Matt Rosen is a philosopher, phenomenologist, and writer. He is the author of numerous books and pamphlets and his theoretic writings have also appeared in journals and anthologies.
The Heresy of a generic ethic: a reply to peterson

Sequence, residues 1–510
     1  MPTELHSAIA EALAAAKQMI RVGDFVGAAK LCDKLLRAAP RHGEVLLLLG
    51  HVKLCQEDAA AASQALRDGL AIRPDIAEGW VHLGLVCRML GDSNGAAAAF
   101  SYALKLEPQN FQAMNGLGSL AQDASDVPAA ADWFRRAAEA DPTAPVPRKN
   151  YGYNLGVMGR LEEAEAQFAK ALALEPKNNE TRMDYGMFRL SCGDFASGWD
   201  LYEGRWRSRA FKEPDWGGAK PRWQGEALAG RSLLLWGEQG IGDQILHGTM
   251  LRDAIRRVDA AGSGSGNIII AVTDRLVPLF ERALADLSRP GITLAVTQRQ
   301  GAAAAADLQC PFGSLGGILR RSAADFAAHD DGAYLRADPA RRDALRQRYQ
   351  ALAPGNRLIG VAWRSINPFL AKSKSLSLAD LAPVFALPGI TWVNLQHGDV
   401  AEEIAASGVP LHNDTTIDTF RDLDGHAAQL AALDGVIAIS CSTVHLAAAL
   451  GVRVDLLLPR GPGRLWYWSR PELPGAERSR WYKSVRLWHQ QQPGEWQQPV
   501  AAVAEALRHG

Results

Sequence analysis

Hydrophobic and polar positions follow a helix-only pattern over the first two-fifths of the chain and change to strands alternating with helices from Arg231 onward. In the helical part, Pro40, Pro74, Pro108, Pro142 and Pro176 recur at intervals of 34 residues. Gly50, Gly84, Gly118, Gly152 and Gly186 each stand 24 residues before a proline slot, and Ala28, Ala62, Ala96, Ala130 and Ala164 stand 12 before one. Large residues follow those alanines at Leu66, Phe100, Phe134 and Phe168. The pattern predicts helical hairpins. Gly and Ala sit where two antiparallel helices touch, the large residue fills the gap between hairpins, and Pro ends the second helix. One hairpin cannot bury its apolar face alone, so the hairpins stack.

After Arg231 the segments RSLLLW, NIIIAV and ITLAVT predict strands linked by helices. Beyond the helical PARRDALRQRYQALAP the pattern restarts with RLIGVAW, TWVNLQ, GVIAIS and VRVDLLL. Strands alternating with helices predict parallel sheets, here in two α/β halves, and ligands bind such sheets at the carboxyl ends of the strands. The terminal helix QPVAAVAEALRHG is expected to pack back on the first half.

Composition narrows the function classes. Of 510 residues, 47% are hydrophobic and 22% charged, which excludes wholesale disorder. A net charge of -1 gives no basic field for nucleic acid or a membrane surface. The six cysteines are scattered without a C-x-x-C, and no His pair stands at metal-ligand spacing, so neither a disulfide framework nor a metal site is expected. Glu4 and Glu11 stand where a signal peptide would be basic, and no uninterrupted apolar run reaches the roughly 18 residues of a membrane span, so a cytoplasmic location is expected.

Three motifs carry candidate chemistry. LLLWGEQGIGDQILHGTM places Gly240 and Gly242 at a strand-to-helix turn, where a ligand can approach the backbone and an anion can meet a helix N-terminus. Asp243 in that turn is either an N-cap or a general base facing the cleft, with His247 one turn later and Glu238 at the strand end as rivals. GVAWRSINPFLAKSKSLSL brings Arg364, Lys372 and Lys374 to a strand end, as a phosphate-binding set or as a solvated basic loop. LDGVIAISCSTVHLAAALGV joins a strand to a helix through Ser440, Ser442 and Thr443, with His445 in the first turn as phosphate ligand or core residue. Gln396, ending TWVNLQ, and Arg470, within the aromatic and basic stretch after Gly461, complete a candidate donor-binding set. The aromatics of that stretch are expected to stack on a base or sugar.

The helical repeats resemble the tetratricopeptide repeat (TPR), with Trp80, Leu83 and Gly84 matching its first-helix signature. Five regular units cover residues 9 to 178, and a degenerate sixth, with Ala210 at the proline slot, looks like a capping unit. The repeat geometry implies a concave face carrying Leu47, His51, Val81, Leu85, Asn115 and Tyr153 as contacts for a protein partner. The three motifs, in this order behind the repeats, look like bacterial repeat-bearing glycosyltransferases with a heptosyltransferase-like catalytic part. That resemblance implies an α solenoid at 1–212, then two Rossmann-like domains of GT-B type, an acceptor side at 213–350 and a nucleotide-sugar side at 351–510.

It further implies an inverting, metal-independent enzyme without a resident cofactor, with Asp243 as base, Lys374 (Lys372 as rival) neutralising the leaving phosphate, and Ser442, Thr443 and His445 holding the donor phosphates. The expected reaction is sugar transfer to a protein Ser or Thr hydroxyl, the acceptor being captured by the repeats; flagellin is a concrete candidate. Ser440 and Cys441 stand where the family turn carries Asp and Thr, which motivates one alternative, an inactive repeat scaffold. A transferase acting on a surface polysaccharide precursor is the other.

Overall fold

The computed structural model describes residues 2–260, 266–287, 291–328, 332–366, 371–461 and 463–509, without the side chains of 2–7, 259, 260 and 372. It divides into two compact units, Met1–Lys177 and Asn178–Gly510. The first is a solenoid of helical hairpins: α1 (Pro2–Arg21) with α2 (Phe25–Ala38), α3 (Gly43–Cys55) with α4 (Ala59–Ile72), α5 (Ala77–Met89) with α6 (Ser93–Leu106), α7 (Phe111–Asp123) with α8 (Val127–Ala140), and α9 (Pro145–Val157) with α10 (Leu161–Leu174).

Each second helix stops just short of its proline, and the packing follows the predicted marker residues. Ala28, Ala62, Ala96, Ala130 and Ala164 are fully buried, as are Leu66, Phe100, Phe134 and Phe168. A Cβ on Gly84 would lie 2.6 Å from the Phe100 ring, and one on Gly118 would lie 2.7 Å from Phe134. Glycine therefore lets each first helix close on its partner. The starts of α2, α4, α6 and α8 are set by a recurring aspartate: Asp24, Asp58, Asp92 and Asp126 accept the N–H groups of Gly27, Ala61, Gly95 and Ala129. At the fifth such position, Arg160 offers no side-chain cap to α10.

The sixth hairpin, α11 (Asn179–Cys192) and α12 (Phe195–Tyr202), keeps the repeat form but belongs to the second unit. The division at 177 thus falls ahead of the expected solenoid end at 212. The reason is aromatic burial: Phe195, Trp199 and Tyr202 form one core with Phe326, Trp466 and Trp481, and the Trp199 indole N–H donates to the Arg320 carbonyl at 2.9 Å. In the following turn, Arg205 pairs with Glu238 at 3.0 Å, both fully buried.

In this paper, I will offer no rebuttal to Peterson’s thinking, no sweeping critique, no singular objection. Deleuze tells us that objections are of no use, that they never move us forward, and the principle of charity demands that we begin in concession, in abnegation. In contradistinction to revolution, to revolt, I will offer heresy, an inversion from within, an embrace which is, in truth, something like Bruno’s embrace of Caesar. I will take on Peterson’s thinking such that we might find a way in, taking his thinking as our subject matter, as the object of our inquiry, as a generative tabula rasa for our own further thinking which might call it into question. With this in mind, I will give consideration to Peterson’s thinking in conjunction with Heidegger, Anglo-American pragmatism, Levinas, Laruelle, Henry, and my own work in crafting a generic ethic founded upon a phenomenology of the generic person whatsoever they may be.